The journey that Milton Kleinberg takes us is one of survival and danger. At a young age, he and his family were forced to relocate, simply because of their Jewish faith, during World War II. Born in Poland, he grew up knowing a life of hunger, fear, and fighting to survive from day to day.
As they journeyed through the Siberian landscape, their father left the train one day to look for food, and never returned. Milton’s mother did the best she could, caring for three little boys, doing her best to keep food in their mouths through the meager rationing they were able to get. Since his father had all the ration cards with him, there were times they were turned away, but there were times the guards gave them their rations anyway. Through his mother’s tenacity, and the hard fought lesson of survival, Milton grew up to enjoy a different life. While one brother died as an infant, and the other was lost after becoming sick in one of the schools they were in, Milton refused to give up. He continued to fight, forging alliances with other boys on the playground, and pushing the limits on being able to steal enough food to keep hunger at bay. While the school fed them, for growing children, it was never enough to completely make the hunger go away. His mother did her best through bribes and gifts to the school officials and guards to make his life better, the war made it hard for all. Having only a few articles of clothing, shoes that were worn out, and one pair of socks, they made do. When the war ended, he was reunited with his mother, and surprisingly of all, with his father. His father had remarried, and had two little girls with his second wife. When his mother found out, she was livid, and went through the proceedings with the Rabbi to get a divorce from her unfaithful husband. On a chance encounter on a bench, she met Milton’s stepfather, who never treated him as if he was anything other than his son. After their relocation to America, the family settled down to rebuild and reforge the bonds that had been tried and strengthened through the war.

I really enjoyed reading this book. In fact I read it in one sitting. I am a bit embarrassed to admit that it sat on my shelf for about two years before I got around to reading it, simply because I did not know what to expect when I opened the cover. I was hesitant to read it, for many reasons. Stories involving children are hard for me – they force me as a mother to look at my own sons and wonder what I would have done to protect my children. They make me examine myself and wonder if I would have the fortitude to stand up to what these families went through, and what these mothers endured for their children. I finally decided to set the book for a book club that I was doing, and sat down to start reading. There were tears, there was laughter, and some anger in a few parts. But I didn’t stop. I read through to the end, and then I read the authors notes.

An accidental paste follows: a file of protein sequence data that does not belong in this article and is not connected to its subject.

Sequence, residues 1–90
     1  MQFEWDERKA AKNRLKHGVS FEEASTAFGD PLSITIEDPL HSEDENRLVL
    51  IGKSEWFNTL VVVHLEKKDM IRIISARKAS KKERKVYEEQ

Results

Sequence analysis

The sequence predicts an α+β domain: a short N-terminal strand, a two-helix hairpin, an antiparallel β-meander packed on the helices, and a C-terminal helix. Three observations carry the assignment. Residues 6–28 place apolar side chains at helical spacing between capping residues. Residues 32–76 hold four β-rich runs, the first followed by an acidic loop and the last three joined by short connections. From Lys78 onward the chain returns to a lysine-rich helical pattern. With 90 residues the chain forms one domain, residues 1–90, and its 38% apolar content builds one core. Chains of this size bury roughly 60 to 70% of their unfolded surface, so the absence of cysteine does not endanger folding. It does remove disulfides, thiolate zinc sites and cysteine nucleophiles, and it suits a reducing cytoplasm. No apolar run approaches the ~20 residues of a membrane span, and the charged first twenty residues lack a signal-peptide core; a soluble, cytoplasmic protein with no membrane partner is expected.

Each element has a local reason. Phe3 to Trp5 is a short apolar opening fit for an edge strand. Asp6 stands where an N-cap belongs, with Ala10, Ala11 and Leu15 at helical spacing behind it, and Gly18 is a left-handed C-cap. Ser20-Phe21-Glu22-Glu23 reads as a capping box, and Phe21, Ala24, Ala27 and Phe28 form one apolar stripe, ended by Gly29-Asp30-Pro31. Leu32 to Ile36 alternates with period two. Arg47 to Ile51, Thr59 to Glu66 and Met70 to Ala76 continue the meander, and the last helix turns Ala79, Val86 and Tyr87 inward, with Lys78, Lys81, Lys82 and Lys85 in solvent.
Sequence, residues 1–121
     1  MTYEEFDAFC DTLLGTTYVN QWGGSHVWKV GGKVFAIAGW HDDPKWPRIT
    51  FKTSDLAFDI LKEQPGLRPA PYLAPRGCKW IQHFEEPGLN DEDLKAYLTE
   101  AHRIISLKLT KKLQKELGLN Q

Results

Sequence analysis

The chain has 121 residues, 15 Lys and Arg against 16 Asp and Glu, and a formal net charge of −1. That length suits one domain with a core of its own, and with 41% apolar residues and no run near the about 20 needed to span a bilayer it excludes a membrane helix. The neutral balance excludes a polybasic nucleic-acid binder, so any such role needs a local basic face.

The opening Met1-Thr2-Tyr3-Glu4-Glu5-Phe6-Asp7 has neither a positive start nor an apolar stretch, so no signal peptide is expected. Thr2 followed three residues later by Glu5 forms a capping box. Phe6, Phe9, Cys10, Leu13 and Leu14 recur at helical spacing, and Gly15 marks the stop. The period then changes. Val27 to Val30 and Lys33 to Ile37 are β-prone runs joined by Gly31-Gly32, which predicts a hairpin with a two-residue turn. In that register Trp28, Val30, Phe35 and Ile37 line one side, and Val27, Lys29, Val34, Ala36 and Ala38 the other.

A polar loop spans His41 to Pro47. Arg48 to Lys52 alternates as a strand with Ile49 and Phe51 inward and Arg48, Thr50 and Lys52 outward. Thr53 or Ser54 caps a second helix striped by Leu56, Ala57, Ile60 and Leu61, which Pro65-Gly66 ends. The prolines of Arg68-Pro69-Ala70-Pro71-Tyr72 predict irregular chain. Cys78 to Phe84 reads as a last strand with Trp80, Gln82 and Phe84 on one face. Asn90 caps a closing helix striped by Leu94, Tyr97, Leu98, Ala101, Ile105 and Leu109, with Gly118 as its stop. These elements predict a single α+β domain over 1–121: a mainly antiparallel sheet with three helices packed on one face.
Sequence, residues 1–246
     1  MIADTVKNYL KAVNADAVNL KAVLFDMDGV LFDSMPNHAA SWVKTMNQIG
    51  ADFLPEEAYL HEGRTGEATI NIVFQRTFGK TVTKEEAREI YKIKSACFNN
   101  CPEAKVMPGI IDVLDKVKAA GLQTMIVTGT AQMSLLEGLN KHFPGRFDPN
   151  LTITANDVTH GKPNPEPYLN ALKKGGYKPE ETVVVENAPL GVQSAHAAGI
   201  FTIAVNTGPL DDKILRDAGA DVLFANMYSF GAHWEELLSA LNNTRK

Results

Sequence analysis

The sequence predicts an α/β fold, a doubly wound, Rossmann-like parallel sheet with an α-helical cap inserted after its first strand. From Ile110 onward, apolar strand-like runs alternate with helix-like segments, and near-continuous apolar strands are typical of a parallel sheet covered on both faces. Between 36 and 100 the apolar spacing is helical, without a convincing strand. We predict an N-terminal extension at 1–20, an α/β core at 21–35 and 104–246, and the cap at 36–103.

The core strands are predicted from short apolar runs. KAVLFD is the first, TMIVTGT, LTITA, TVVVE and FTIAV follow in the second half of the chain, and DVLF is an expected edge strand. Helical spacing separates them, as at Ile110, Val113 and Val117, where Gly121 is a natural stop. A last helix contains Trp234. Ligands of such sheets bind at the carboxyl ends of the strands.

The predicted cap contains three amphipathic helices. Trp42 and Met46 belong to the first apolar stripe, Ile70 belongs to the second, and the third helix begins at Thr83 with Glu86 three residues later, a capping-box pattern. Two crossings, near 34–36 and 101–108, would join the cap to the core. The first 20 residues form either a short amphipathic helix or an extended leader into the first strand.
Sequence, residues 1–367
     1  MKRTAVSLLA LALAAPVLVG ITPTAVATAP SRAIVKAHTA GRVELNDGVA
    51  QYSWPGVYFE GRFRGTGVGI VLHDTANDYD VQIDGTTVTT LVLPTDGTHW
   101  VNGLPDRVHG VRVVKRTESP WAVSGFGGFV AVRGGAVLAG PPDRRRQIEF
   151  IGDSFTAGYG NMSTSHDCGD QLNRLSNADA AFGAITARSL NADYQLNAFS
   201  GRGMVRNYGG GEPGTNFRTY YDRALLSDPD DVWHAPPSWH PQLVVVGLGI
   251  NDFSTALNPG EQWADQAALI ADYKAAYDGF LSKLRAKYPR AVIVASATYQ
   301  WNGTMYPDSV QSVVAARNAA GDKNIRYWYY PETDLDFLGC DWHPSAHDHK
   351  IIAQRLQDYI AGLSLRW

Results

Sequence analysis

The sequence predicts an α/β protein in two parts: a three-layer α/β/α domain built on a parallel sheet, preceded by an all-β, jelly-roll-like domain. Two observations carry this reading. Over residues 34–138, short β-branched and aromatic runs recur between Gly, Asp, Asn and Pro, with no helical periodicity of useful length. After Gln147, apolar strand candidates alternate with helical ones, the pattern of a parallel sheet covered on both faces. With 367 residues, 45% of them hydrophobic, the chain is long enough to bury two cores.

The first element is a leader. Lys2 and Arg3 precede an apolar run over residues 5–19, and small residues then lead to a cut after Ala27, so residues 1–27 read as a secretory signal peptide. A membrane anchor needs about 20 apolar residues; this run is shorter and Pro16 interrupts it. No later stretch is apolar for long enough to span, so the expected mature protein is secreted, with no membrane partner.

When it comes to a book, sometimes you have to start with the authors note. It can give you an idea of what you will expect inside. Let me tell you – I was in for a surprise. I thought when I read through it, I was going to see some finger pointing, maybe some blame cast, and perhaps a “should have could have” segment. There was none of that. What I found was hope. A hope for a better future, hope for the remembrance of the past, and a hope for the newfound country that the author found himself living in. He loves America. Why? Because, in his own words “I have seen the rest of the world. And the more I have seen and experienced the rest of the world and its history, the more I have come to venerate America and the great nation it has become. (page 196) ..The idea here in America is that you don’t have to live or die how you were born. You can move, you can advance, you can change your attitude, and, by doing so, you can change your circumstances.” (page 204).

I sat back and thought about all that he had been through, all that he had seen, suffered, and lost. That he can sit here, and not point fingers at the ones that were responsible (not that he has forgotten – or ever will forget), but his willingness to not let the past hold him back. He pushed forward. He survived. He wrote this book so that others will know what happened, and learn from the past.
Read this book! You will not regret it!

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